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Re: RE: Theresa, found > fire

You raise important points, but they don't hold much weight in a
subdivision within city limits that has lots of about 60x120.  Peonies and
lilies go to the dump. No one on these small lots has so much of these
items that they have to burn them.  The city picks up the leaves and uses
the compost they make. We shouldn't be burning them in such close spaces
with neighbors who suffer from emphezema, asthma, etc. 

Some people love the smell of burning leaves; I can't abide it.  The same
people who wouldn't think of smoking cigarettes around their kids think
nothing of filling their kids' lungs with carbon from burning leaves. 
Fine, but I don't want my house or my cats reeking of carbon.

If you live in the country it's, I guess, ok to pollute the air with
burning leaves.  you're the one that has to deal with it.  But in close
quarters, I don't think so.


> [Original Message]
> From: cathy carpenter <cathyc@rnet.com>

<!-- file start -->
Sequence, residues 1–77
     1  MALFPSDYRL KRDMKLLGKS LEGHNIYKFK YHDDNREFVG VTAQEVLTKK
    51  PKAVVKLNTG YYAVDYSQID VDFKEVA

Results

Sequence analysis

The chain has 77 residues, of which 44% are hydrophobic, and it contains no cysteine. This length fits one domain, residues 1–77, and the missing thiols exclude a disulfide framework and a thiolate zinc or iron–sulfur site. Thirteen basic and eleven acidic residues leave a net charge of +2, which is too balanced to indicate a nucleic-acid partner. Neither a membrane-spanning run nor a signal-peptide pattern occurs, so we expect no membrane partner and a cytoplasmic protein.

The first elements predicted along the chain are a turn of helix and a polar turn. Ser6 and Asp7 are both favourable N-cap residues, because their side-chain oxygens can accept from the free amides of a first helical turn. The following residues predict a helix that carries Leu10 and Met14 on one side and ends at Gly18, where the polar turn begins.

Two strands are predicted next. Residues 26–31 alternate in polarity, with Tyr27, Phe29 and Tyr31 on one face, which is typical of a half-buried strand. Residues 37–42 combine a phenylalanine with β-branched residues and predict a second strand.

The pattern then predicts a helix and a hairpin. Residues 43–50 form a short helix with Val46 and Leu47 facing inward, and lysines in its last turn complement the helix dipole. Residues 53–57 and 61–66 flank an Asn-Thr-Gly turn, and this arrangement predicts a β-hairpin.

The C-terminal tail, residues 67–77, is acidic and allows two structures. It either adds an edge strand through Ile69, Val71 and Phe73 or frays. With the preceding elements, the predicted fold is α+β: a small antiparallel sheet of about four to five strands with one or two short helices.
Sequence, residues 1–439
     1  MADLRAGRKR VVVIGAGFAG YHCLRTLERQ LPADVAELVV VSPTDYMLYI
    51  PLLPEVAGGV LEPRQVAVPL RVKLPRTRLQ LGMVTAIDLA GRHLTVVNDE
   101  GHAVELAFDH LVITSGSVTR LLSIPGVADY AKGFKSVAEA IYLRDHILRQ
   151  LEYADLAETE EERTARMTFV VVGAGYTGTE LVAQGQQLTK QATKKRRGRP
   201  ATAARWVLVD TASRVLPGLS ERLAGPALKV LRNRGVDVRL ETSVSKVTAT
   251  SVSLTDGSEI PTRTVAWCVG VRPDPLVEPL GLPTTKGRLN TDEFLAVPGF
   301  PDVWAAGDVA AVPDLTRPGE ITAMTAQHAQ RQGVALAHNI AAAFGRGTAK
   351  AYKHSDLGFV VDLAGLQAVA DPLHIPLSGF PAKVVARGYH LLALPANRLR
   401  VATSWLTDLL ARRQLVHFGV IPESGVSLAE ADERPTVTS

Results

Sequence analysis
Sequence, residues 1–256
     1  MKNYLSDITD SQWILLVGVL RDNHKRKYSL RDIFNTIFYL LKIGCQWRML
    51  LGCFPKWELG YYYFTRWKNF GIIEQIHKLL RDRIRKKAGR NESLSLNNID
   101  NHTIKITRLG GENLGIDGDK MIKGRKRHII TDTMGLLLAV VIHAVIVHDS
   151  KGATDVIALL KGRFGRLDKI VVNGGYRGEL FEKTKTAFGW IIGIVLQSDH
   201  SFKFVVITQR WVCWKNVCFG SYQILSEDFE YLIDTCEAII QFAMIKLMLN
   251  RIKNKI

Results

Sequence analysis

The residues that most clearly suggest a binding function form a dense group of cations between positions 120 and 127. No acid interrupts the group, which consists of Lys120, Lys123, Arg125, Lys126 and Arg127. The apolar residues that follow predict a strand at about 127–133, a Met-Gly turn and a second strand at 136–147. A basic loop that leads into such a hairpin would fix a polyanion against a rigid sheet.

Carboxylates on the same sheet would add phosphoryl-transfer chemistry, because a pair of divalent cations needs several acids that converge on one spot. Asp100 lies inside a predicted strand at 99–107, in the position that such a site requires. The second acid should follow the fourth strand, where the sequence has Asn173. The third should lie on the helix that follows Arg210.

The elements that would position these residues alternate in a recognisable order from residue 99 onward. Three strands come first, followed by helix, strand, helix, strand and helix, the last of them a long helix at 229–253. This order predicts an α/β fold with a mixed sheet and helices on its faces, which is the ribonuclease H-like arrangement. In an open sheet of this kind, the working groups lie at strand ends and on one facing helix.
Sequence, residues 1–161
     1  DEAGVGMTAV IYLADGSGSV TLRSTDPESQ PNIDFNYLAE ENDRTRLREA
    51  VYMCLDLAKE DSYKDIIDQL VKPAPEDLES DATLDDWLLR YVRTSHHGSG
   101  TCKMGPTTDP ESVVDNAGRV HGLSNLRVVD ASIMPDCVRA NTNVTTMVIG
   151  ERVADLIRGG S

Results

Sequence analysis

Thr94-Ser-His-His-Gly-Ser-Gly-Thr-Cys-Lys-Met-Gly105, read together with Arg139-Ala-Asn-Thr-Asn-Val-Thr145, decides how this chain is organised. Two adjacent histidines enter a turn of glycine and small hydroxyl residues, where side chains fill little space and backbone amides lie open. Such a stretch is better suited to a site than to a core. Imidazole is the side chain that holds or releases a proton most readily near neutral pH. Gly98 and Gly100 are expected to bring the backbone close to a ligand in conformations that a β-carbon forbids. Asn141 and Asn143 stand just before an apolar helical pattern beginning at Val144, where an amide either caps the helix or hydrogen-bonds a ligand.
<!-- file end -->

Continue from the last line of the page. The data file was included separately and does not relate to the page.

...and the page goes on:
> To: <gardenchat@hort.net>
> Date: 12/28/2002 2:09:24 PM
> Subject: Re: [CHAT] RE: Theresa, found  > fire
> Why burn leaves when you can compost them? But there are larger items, 
> and some plant material that is diseased or harbors certain insects for 
> which burning is an appropriate option. (Not to mention the controlled 
> burns involved in prairie management.) Burning also requires taking 
> conditions such as moisture and wind into account as well.
> Cathy
> On Friday, December 27, 2002, at 06:21 PM, Kitty Morrissy wrote:
> > Well, that depends on which side of the fence you're on, Jim.
> > Before this went into effect, I would have to lose the vacation day I 
> > took
> > to work in my garden, because some idiot would burn his leaves.
> > Kitty
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